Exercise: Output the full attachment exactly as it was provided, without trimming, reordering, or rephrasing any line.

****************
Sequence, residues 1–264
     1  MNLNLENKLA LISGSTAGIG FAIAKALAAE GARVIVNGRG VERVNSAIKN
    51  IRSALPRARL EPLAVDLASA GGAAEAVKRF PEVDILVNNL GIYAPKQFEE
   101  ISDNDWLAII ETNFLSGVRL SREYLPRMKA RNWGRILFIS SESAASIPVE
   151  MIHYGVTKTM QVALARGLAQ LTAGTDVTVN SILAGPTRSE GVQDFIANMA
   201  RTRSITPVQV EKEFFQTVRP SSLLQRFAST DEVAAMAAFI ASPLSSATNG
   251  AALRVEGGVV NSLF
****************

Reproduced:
Sequence, residues 1–264
     1  MNLNLENKLA LISGSTAGIG FAIAKALAAE GARVIVNGRG VERVNSAIKN
    51  IRSALPRARL EPLAVDLASA GGAAEAVKRF PEVDILVNNL GIYAPKQFEE
   101  ISDNDWLAII ETNFLSGVRL SREYLPRMKA RNWGRILFIS SESAASIPVE
   151  MIHYGVTKTM QVALARGLAQ LTAGTDVTVN SILAGPTRSE GVQDFIANMA
   201  RTRSITPVQV EKEFFQTVRP SSLLQRFAST DEVAAMAAFI ASPLSSATNG
   251  AALRVEGGVV NSLF